A court ruled that a double amputee has permission to climb Mt. Everest, according to a Monday report.
Hari Budha Magar, 39, a British war veteran who lost both legs after stepping on a bomb in Afghanistan in 2010, now has permission from the Nepalese court to climb Mt. Everest, Fox News reported.
The Nepalese Supreme Court previously ruled in December 2017 that people without legs, people who are legally blind, and solo climbers are not permitted to climb Mt. Everest to cut down on the deaths from climbing the highest peak in the world.
Magar is embarking on his climb with Conquering Dreams.
The British war veteran lost both of his legs in Afghanistan in April 2010 https://t.co/KanzqqN0rE
— BIG 93.9 (@Big939) March 19, 2018
The team is comprised of Royal Gurkha, U.S. Marine Corps and Navy Seal veterans, according to their official website.
If he succeeds, Magar will be the first bilateral above-the-knee amputee to climb the mountain, The Epoch Times reported.
As the first amputee to attempt to climb the mountain, Magar will still beat the world record even if he does not succeed.
“In the past, I fought the enemy; but today, I fight this injury,” Magar said.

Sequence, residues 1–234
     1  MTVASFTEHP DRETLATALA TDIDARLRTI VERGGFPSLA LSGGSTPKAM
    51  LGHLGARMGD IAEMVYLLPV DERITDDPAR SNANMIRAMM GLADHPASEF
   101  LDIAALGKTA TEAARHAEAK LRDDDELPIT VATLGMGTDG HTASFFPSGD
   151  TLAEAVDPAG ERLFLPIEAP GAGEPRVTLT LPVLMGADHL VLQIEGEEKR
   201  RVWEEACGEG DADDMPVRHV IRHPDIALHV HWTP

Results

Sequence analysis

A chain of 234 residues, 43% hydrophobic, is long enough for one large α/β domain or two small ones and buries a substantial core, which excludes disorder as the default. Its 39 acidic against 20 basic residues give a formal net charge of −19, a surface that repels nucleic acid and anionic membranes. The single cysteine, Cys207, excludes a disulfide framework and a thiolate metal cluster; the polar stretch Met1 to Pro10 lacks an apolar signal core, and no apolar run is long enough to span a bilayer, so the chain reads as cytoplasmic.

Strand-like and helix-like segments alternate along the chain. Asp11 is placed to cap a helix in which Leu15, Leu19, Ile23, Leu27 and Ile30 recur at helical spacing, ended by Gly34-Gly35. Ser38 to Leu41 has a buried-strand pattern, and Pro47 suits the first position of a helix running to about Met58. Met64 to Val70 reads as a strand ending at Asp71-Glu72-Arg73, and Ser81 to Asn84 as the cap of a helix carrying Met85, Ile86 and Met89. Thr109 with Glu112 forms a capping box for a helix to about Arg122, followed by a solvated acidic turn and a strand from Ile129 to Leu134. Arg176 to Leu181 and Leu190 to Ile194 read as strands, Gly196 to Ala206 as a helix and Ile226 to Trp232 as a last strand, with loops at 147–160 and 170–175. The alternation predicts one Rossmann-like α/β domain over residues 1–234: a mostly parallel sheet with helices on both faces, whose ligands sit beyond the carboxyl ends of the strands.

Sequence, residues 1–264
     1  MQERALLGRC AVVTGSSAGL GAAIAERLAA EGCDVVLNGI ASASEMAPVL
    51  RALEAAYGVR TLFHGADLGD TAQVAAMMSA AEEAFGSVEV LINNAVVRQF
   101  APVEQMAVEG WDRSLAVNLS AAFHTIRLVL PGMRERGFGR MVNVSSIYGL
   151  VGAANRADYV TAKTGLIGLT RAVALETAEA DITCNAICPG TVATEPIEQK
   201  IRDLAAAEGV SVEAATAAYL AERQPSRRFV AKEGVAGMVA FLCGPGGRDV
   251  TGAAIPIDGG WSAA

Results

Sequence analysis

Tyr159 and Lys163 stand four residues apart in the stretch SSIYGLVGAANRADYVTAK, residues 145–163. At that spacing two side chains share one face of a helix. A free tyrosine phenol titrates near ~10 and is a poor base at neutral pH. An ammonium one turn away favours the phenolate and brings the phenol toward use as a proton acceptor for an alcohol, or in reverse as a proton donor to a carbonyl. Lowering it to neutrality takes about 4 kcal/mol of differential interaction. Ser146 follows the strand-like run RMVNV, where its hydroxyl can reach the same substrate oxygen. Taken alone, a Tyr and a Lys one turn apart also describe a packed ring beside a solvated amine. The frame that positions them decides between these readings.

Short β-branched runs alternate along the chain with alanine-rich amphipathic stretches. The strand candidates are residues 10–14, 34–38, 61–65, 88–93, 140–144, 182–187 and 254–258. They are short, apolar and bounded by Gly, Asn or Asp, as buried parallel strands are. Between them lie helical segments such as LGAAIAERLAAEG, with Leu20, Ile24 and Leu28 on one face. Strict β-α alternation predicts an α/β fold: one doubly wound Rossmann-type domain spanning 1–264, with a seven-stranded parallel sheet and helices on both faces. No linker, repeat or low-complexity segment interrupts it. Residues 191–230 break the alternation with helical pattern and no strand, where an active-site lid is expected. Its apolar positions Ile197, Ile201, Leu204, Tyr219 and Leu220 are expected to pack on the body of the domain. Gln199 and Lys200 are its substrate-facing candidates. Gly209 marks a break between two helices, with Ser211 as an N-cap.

“I fight to re-establish my mental health and live my life fully, help inspire others, learn new skills, relying confidently on my body as it is,” he added.
— Hari Budha Magar (@Hari_BudhaMagar) February 28, 2018
The veteran is the first above-the-knee amputee to climb the Mera Peak summit in Nepal, which is 22,257 feet tall.
Magar acknowledged that there are significant risks he will face by climbing Everest.
Despite the tremendous obstacles, “This is my dream, and I believe this is possible with the right help and support,” Hari said.
A version of this article appeared on the Daily Caller News Foundation website.
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